Meeting the challenges of the longest cancer survivors

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By Professor Ian Olver AM, for oncologynews.com.au.

The issues facing cancer survivors are being more intensively investigated in recent years and span from physical to psychosocial and spiritual sequelae of both cancer and its treatment. Amongst the longest cancer survivors are men with testicular cancer who have a high chance of cure but often require intense multimodality therapy. Studying these men should yield valuable insights into survivorship, and that is just what Allan “Ben” Smith did in a PhD at Sydney University.

Infertility and a range of ongoing sexual, cardiovascular, respiratory and neurological and cognitive side effects can be experienced

Firstly, testicular cancer occurs predominantly in the 3rd and 4th decade of life and being diagnosed at a young age with a life-threatening illness certainly causes psychological and existential distress. Many patients require surgery only to cure the cancer, but the removal of a testicle can lead to ongoing body image challenges. If additional chemotherapy or radiotherapy is added, infertility and a range of ongoing sexual, cardiovascular, respiratory and neurological and cognitive side effects can be experienced. Many of these side effects are studied separately and can be managed. Specific studies of cognitive dysfunction, for example are suggesting that this is not just a post chemotherapy phenomenon, and it can improve over time.

It has been difficult to draw conclusions from prior reviews of psychological in distress in testicular cancer survivors because of small sample sizes, poor methodology and confusion observations such as that the better studies showed less depression than the poorer ones. In a review of 66 studies by Smith and colleagues, 39 were rated as good quality (Smith et al Psychooncology 2017 Nov 23. doi 10.1002/pon 4596). Concentrating on good quality studies, one if five testicular cancer survivors suffer from anxiety that is clinically significant.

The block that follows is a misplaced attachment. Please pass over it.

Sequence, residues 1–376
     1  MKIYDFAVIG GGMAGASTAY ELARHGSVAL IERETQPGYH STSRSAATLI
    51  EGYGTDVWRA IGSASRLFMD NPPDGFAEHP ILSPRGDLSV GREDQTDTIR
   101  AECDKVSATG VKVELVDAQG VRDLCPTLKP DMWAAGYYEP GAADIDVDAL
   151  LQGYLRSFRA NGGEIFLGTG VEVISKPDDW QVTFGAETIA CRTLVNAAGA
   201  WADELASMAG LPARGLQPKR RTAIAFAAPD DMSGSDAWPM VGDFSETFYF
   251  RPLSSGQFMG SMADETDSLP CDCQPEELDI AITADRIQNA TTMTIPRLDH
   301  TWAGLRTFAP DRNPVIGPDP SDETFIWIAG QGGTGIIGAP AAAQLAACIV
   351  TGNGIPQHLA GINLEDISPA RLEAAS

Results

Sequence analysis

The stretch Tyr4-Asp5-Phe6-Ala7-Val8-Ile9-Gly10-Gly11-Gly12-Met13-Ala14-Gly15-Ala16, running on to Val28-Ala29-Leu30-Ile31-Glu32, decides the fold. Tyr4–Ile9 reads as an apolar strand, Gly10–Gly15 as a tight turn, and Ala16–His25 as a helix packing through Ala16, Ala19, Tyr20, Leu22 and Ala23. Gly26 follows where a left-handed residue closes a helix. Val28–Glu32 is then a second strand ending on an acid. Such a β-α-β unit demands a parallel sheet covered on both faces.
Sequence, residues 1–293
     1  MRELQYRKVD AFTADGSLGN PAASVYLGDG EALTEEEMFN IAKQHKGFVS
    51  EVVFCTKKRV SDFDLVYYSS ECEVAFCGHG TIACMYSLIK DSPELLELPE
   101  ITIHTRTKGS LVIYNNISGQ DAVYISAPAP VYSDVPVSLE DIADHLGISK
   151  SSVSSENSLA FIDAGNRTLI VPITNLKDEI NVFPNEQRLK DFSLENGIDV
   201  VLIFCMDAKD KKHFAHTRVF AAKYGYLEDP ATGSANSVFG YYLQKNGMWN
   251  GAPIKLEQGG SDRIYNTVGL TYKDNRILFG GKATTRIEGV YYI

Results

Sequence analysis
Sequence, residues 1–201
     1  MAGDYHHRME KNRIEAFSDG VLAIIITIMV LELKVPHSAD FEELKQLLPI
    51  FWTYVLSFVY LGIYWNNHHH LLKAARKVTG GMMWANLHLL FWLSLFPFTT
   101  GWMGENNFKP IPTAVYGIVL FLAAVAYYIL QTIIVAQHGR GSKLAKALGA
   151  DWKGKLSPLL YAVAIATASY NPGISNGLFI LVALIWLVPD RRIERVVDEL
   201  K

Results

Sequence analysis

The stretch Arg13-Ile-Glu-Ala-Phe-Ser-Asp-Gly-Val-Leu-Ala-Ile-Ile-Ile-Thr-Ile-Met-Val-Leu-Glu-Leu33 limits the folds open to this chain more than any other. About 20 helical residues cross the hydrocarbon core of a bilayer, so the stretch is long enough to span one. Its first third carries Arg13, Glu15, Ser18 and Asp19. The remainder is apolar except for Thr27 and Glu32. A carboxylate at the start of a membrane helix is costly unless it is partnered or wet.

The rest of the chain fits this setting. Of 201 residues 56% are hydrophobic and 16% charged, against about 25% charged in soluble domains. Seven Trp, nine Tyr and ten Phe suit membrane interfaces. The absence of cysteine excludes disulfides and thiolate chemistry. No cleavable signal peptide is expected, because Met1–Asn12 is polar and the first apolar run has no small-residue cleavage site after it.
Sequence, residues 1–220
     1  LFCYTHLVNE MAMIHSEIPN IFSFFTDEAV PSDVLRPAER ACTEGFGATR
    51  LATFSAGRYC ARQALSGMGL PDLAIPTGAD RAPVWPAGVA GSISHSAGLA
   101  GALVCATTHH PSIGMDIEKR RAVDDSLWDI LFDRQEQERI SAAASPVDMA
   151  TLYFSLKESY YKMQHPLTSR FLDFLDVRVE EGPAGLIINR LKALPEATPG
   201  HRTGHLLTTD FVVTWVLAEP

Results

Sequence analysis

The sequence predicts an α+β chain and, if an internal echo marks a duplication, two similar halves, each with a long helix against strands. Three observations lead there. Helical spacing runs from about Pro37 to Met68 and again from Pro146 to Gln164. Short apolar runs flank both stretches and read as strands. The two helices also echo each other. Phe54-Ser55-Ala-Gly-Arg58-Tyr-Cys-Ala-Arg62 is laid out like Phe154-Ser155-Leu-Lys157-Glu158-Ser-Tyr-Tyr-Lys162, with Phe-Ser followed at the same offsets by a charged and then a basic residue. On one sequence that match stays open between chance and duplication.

By comparison this level of anxiety would be found in one in eight of the general population. Of interest, in most good studies depression does not seem a prominent feature of people surviving testicular cancer when compared to the general population. However, fear of cancer recurrence is elevated in a third of people with testicular cancer which is within the range reported for cancer survivors in general, and is one of the most concerning issues for testicular cancer survivors. Mean distress levels were also comparable with the general population but when results are averaged across all, small subgroups of those with testicular cancer whose outcomes are poorer may have their issues diluted by the majority who do well.

There is some evidence that surviving testicular cancer in some men result in beneficial changes in lifestyle such as increasing physical activity and reducing smoking

There is some evidence that surviving testicular cancer in some men result in beneficial changes in lifestyle such as increasing physical activity and reducing smoking. There are also correlates reported for poor psychological outcomes and these include being single, having poor social support, being in a low socioeconomic group or unemployed and suffering from comorbid physical illnesses. Disease and treatment variables seem to have little impact on psychological wellbeing.